Beat The Clock!

It was a wake-up call and I was go­ing to heed it, even if I hap­pened to make an en­emy or two on the way…

My Weekly - - Contents - By S. Bee

A tale with a twist

My heart al­most stopped with shock. There, right in front of me, was my grave­stone. This must be some kind of joke. Yet who would be so cruel?

The deep gold let­ter­ing spelled out my name, Brenda Ann Pick­les; my date of birth; and the date of my death in 2020. The word­ing ended sim­ply: RIP. I frowned. RIP? That was a bit gen­eral. I hadn’t mar­ried, and there were no kids or grand­kids, but I’m fully de­voted to my ca­reer. I’ve worked for the same com­pany for al­most thirty-five years. I’d hoped for more than RIP from my close band of col­leagues – this was a last­ing me­mo­rial, af­ter all.

Plus, I have a group of loyal friends. We’d first met decades ago, when we were fresh-faced kids start­ing out.

I’m only sixty-two. I don’t want to die in two years time! I blinked back tears.

Of course, my grave­stone didn’t state the cause of death. I sus­pected a car­diac ar­rest. But there wasn’t a blasted thing I could do about it!

Hmm, I mused. Maybe there was… what was stop­ping me from los­ing weight, cut­ting down on the booze, and vis­it­ing the gym more of­ten? Noth­ing!

I was de­ter­mined to stop at noth­ing to get that 2020 date re­moved.

Three months later, and ev­ery­one had no­ticed the change in me. Thanks to re­duc­ing the fat and sugar in my diet and reg­u­lar ses­sions at the gym, I’d lost weight. I’d stopped drink­ing too.

On nights out, I drank soft drinks. It raised a few eye­brows, yet I felt so much bet­ter for it.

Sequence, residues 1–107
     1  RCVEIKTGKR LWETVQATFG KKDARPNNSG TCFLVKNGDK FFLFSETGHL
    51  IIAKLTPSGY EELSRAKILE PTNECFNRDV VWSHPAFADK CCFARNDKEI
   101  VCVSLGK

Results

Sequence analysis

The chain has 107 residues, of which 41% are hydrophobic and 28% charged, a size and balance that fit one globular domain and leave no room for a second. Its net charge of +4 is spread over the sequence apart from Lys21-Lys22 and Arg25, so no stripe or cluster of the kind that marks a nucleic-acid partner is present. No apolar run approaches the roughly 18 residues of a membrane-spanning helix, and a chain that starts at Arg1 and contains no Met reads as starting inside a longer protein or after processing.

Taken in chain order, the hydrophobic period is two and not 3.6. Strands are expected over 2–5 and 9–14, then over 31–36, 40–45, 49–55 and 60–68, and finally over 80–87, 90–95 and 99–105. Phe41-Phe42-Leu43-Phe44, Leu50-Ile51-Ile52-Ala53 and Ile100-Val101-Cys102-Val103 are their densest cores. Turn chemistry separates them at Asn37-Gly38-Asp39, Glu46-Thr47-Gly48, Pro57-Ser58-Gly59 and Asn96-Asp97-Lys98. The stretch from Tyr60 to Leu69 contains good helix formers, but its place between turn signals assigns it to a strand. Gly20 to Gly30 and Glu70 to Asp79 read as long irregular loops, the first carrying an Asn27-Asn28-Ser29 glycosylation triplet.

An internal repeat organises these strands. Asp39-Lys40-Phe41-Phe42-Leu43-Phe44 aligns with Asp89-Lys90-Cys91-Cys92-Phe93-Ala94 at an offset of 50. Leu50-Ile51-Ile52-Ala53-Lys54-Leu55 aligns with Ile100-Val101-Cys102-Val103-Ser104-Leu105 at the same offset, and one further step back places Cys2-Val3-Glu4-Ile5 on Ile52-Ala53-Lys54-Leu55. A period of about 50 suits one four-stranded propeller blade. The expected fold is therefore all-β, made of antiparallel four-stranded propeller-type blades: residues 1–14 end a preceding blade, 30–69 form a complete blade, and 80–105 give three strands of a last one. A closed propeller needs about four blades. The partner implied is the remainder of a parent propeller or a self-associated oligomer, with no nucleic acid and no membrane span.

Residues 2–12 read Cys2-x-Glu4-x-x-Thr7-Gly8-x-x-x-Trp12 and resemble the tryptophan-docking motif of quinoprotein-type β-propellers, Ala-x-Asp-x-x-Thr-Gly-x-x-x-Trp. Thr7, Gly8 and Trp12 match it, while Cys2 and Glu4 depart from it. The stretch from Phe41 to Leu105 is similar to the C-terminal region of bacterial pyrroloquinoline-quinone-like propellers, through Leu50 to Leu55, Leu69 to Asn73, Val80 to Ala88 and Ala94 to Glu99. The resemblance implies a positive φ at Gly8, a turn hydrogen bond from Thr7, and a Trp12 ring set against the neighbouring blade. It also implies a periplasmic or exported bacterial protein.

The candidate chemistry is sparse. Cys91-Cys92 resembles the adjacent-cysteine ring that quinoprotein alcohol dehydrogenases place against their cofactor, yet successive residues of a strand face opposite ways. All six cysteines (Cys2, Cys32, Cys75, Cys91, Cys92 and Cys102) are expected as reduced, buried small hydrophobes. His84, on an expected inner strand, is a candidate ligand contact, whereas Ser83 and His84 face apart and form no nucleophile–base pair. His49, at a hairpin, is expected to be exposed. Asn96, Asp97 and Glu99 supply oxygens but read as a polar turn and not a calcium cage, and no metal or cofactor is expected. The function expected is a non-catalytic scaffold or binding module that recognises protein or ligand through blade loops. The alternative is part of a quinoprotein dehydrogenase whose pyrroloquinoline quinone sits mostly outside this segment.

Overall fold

I treated my­self to a sassy cut and colour, beauty treat­ments, and a host of out­fits that flat­tered the new me. My com­plex­ion was glow­ing, my hair was glossy – I oozed glam­our and con­fi­dence.

I re­ally hoped all this ef­fort would im­press man­age­ment. I re­alised my role wasn’t based on ap­pear­ance, yet I hoped a change of im­age would in­flu­ence their ap­proach.

Then one morn­ing I was in a cu­bi­cle in the ladies when I over­heard a con­ver­sa­tion be­tween two new re­cruits. I’d been in­tro­duced to them, yet their names es­caped me. They were clearly talk­ing about me.

“She’s trimmed down, toned up and cut out the booze, but sadly, no health kick in the world can stop the march of time,” one be­gan. There was a touch of em­pa­thy in her tone.

“It’s pa­thetic,” the other spat. “The next thing on her list will be a toy boy. Well, she can keep her claws off my Dan.”

Ah – so the rookie had got close to young Dan, who worked along­side me. With his deep blue eyes, mus­cu­lar frame and dark wavy hair, he’d amassed a fair few ad­mir­ers. Gos­sip was rife here. I as­sumed that’s why Dan had asked Miss Vile to keep their re­la­tion­ship se­cret.

Yet she had no rea­son to see me as a threat. I’ve no in­ter­est in look­ing for love.

“She’s des­per­ate to keep her job,” Miss Em­pa­thy said. “I can’t re­ally blame her, with these ru­mours fly­ing around.”

“They want bright young things,” Miss Vile stated. “Like me.” I imag­ined her preen­ing in the mir­ror. “One day, Marnie, you’ll be in your six­ties too and –” Miss Em­pa­thy was rudely in­ter­rupted. “Oh shut up! Have you fixed your lip­stick? Good. Let’s grab a cof­fee,” Miss Vile in­structed.

I waited un­til they’d left, then crept out.

Ide­cided to sneak back to where I’d seen my grave­stone. It was still there, propped up in prime po­si­tion. It still read 2020.

My blood pumped with anger. This was so un­fair! So I raced to the meet­ing and burst through the of­fice door. “Please don’t kill Brenda!” They looked up, star­tled. “I’ve seen her grave in the props room,” I ex­plained. The TV pro­ducer nod­ded. “We were con­sid­er­ing it. But then the scriptwrit­ing team cre­ated a new sto­ry­line. Marnie’s char­ac­ter will die trag­i­cally in a car ac­ci­dent. And Brenda, as a sexy cougar, is go­ing to be­come in­volved with Pete.” Dan played Pete. I grinned. All that hard work ramp­ing up the glam­our had paid off. Be­ing a soap opera ac­tress is the best job ever!

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